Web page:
The strange revival of Conservative Scotland? Another poll from north of the border, this time from the Times and YouGov, shows the Tories experiencing a revival in Scotland, up to 28 per cent of the vote, enough to net seven extra seats from the SNP.

Adding to the Nationalists’ misery, according to the same poll, they would lose East Dunbartonshire to the Liberal Democrats, reducing their strength in the Commons to a still-formidable 47 seats.

It could be worse than the polls suggest, however. In the elections to the Scottish Parliament last year, parties which backed a No vote in the referendum did better in the first-past-the-post seats than the polls would have suggested – thanks to tactical voting by No voters, who backed whichever party had the best chance of beating the SNP.

The strategic insight of Ruth Davidson, the Conservative leader in Scotland, was to to recast her party as the loudest defender of the Union between Scotland and the rest of the United Kingdom. She has absorbed large chunks of that vote from the Liberal Democrats and Labour, but, paradoxically, at the Holyrood elections at least, the “Unionist coalition” she assembled helped those parties even though it cost the vote share.

The big thing to watch is not just where the parties of the Union make gains, but where they successfully form strong second-places against whoever the strongest pro-Union party is.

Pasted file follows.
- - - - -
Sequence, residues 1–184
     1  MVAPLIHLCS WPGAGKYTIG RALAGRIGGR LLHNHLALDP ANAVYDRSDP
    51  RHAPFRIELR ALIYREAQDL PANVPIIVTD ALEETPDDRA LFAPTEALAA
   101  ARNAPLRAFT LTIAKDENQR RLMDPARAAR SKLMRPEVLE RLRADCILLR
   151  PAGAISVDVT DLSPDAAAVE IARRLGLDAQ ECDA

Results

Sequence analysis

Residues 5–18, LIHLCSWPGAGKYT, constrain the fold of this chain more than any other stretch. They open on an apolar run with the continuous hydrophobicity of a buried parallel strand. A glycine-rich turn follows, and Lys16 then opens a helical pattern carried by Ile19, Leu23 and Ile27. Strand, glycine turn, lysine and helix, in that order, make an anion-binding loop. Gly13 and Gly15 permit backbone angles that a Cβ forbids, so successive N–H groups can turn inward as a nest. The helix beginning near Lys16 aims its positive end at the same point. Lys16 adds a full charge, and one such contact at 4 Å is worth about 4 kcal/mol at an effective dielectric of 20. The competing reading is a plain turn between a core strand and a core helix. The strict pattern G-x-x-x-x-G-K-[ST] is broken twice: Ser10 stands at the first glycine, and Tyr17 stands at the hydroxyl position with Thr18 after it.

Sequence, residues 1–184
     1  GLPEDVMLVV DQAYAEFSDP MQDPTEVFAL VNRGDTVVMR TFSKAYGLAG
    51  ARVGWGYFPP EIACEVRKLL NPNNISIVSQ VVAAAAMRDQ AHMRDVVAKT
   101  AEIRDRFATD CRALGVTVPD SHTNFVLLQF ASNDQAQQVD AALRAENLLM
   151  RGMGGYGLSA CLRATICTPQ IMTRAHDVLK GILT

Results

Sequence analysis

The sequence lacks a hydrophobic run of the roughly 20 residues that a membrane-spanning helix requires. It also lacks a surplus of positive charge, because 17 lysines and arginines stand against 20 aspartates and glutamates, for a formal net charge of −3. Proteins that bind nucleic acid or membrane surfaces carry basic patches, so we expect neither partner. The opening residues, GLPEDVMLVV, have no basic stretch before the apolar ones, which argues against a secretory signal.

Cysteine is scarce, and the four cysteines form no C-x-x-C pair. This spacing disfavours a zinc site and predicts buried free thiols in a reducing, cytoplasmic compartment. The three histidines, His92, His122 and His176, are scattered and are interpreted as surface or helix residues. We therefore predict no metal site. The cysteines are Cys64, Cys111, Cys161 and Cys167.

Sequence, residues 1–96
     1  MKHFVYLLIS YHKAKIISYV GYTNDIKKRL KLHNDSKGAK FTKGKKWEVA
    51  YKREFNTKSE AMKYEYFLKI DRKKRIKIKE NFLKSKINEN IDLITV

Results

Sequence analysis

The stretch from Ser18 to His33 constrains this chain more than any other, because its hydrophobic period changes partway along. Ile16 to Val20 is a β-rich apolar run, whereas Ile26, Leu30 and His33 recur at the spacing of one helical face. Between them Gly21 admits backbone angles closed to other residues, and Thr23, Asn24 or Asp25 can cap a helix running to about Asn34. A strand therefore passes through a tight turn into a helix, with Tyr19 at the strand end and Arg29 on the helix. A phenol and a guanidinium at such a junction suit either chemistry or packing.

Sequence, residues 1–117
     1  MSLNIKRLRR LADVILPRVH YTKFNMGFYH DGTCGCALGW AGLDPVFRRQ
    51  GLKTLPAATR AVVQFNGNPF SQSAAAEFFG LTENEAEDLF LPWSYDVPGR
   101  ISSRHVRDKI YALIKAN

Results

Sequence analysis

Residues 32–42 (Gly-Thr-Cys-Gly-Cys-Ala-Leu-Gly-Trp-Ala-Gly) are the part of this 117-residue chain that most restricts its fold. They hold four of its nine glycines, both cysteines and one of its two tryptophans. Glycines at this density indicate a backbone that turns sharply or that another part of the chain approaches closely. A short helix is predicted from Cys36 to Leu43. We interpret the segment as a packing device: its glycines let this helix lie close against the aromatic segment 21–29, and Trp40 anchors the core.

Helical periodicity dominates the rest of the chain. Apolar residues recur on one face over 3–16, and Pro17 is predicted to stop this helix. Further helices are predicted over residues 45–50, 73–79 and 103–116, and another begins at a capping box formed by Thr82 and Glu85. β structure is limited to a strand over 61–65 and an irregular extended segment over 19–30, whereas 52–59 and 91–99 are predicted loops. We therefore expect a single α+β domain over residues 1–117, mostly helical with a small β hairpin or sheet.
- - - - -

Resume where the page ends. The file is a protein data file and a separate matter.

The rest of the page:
Davidson’s popularity and eye for a good photo opportunity – which came first is an interesting question – mean that the natural benefactor in most places will likely be the Tories.

But it could have been very different. The first politician to hit successfully upon the “last defender of the Union” routine was Ian Murray, the last Labour MP in Scotland, who squeezed both the  Liberal Democrat and Conservative vote in his seat of Edinburgh South.

His then-leader in Scotland, Jim Murphy, had a different idea. He fought the election in 2015 to the SNP’s left, with the slogan of “Whether you’re Yes, or No, the Tories have got to go”.  There were a couple of problems with that approach, as one  former staffer put it: “Firstly, the SNP weren’t going to put the Tories in, and everyone knew it. Secondly, no-one but us wanted to move on [from the referendum]”.

Then again under different leadership, this time under Kezia Dugdale, Scottish Labour once again fought a campaign explicitly to the left of the SNP, promising to increase taxation to blunt cuts devolved from Westminster, and an agnostic position on the referendum. Dugdale said she’d be open to voting to leave the United Kingdom if Britain left the European Union. Senior Scottish Labour figures flirted with the idea that the party might be neutral in a forthcoming election. Once again, the party tried to move on – but no-one else wanted to move on.

How different things might be if instead of running away from their referendum campaign, Jim Murphy had run towards it in 2015. 

Stephen Bush is special correspondent at the New Statesman. His daily briefing, Morning Call, provides a quick and essential guide to British politics.